2. Anecdotes are easy. Who is saying there aren't successful attorneys?

    3. Captain Hruska Carswell, Continuance KingApril 11, 2016 at 6:07 AM

      The problem is that this is the information this widely gets out there. It has a tremendous cultural attraction. Its the same thing for the Mega Ball. One guy wins the lottery and millions line up behind him. Or maybe Bixby is bullshitting? How did Parade Magazine find the ONE attorney who makes this coin? I know hundreds of lawyers and none, none come even close to his income. Most earn 10% and much lower and all out 10 years or more. I read that too and I called my buddy and asked, "What the fuck is wrong with us?"

    4. Age 63 is the key part there. He got into law before the scam really took off.

      Besides, if you want examples then you can find any number of Biglaw Partners making seven figures.

  9. I was recently at a social get together with alums of my undergraduate alma mater. One of my former classmates is now a professor at a local NYC cesspool law school. I asked him about the caliber of law students and he admitted they were morons. Law professors have always looked down on their students with disdain, even when the applicant pool was strong. Imagine how law professors view the current bumper crop.

    1. I'd appreciate it if you would elaborate, if possible. I want to know more.

  10. Nando,
    Thank you so much for the service you provide. You really are making a difference in the lives of people who read your blog. Many years ago, before the scamblog movement, I attended a 2nd tier cesspool. I was a member of my cesspool’s law review (a worthless academic distinction). During the fall of my second year, it became quickly apparent that law firms were not interested in hiring from my school. My good friend and I on law review did not receive a single call back interview. We were assured by our career services office not to worry, most people did not get jobs through on campus interviewing (despite bragging at an open house event a year earlier, everyone gets a job averaging about $100k, and all sorts of great employers come to campus to interview students). During this time, the war in Iraq and Afghanistan was not going well. The military was desperately trying to recruit anyone with a pulse, including criminals. I felt because the wars were going so badly, I had an obligation to serve. I had a naïve goal at that time to get a legal job and join the Army reserves. I had no interest in JAG, because I wanted to be a Soldier, not prosecute Soldiers. During the summer after my second year, I talked to a solo practitioner who was upfront with me about the legal profession. He told me my only options were to go solo or try to snag a government job. The chances of getting hired by a law firm as a graduate of my cesspool were quite low. During my third year and leading up to the bar exam, I applied to numerous jobs and landed nothing. So after passing the bar, I enlisted in the Army.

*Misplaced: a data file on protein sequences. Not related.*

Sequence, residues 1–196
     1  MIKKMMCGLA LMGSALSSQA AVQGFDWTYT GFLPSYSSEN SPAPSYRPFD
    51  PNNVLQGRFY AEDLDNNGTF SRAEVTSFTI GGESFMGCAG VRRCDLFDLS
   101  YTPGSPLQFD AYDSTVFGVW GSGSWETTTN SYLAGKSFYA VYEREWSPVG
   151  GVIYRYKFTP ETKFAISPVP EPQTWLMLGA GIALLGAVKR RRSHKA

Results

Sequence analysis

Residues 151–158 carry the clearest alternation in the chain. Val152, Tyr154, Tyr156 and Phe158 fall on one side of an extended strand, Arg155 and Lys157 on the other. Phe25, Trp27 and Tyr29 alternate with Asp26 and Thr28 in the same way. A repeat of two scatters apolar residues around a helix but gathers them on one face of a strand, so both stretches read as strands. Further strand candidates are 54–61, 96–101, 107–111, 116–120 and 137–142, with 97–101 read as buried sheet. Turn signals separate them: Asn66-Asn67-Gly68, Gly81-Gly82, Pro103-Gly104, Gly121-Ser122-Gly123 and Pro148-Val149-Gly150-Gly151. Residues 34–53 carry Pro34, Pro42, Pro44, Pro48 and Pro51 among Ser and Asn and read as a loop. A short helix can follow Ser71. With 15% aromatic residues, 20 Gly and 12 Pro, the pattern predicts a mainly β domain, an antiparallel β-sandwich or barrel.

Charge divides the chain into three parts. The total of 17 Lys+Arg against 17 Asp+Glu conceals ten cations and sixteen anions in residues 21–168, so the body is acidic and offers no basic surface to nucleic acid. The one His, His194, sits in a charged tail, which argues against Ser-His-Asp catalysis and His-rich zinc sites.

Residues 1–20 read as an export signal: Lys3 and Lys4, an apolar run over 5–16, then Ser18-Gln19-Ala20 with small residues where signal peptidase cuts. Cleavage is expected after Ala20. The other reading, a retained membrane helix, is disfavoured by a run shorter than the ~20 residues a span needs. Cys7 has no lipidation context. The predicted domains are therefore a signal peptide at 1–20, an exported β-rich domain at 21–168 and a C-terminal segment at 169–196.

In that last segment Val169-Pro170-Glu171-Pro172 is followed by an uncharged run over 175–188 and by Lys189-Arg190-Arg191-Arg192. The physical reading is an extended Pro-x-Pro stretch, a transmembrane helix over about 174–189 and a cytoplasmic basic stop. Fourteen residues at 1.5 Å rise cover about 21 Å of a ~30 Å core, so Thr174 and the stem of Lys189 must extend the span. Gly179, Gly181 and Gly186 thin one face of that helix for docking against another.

I went through basic training, airborne school, and later went to Iraq. I paid off my $150k in student loans with my enlistment bonus, the Army student loan repayment program, and the tax free money I earned in Iraq. Iraq was a life changing experience. After what I saw in Iraq, I wished I was a doctor. I decided I wanted to become a doctor. But I only had a worthless liberal arts degree with no science background. Around that time, the economy had tanked and you started blogging about the legal profession. One day I just happened to come across your blog. The information you provided, along with all of the people who contributed with comments, helped me to realize that law was never going to be an option. I also knew that the military was not a reliable career either. The wars started winding down and the Army began cutting the fat. So I left the Army and used the GI bill to return to undergrad and take the science courses required to attend med school. I took the MCAT. Now I am a student at an MD program on scholarship.

    I cannot thank you enough for all that you have done. Reading your blog over the years helped me to realize there was no need for me to try to salvage some kind of law career as a solo in this saturated market or working in shit law. You gave me the courage to go back to school and pursue something much better. I’m not alone in the route I took either. In the Army I met a few law grads who choose to enlist after law school. I also met a med student who left the law and attended med school for many of the reasons same reasons so many other people leave law.

    Thank you again Nando. Keep up the good fight.

    1. Thank you for posting your story, sir. I am glad to have helped bring the law school scam to your attention. However, you followed through and made the smart decision to get into a real profession. Take care, and feel free to contribute comments here - as you see fit.

    2. Med school, the next, I mean, the last frontier. I hear they had so many doctors in Cuba many were driving cabs for a living, but I digress, that could never happen here.

    3. Regarding the falling bar exam scores, I do have a relevant story. While applying to medical schools, an admissions rep gave a presentation to a group of us premeds. She said that the medical school she represented did put a lot of weight on the MCAT. The reason was because after the 2nd year of school, students have to take the Step 1 exam, and if students don’t pass, they cannot move onto the third year. She said the MCAT WAS A GOOD INDICATION of whether or not a student would pass Step 1. Also, the rep said, the school did not want to put students in a situation where they borrowed a lot of money, only to fail Step 1 and be in a position where they would never practice medicine.